Cliff Robertson plays a wealthy New Orleans land developer. As the film opens, he and partner John Lithgow have just closed a lucrative deal. We meet Robert’s wife and nine-year-old daughter who soon fall prey to kidnappers. Robertson double-crosses the kidnappers, leading to a car chase and his family’s death. Fast-forward fifteen years and Roberts, on a business trip to Italy, chances upon a woman who bears an uncanny resemblance to his late wife.
I’m tempted to spoil the entire film. As much as I enjoyed the location photography and director Brian De Palma’s deft ability to craft memorable visuals, the script proves all setup and no payoff. I sussed out the “reveals” within the first act and spent the rest of the film hoping it would prove me wrong. It did not. Maybe subsequent viewings will allow a greater appreciation of De Palma’s formal effort. And maybe Cliff Robertson’s performance won’t feel so out of place.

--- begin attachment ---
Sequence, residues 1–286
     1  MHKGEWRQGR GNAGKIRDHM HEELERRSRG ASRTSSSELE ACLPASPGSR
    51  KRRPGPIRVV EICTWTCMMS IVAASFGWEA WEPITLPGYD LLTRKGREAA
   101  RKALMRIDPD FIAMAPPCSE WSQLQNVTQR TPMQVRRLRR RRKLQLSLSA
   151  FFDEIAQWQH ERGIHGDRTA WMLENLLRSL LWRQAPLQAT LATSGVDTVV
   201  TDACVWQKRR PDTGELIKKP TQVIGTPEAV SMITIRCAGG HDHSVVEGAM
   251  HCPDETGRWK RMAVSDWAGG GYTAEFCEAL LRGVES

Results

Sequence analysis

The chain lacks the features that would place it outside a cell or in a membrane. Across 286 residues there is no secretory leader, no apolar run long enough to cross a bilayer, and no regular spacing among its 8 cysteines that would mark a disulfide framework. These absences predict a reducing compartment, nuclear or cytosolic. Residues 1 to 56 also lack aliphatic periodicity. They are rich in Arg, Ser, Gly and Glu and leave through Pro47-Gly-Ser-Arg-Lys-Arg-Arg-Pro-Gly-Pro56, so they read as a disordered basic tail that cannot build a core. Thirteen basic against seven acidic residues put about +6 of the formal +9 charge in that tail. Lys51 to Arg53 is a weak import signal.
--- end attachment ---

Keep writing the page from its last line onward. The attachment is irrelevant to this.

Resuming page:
But for now, better Vertigo knock-offs exist. One on Top of the Other delivers a more satisfying pay-off, and Scalpel commits to the doppelgänger premise with more gusto. But the shot of Robertson running toward the camera in slow motion with five hundred thousand dollars swirling through the air behind him was magnificent.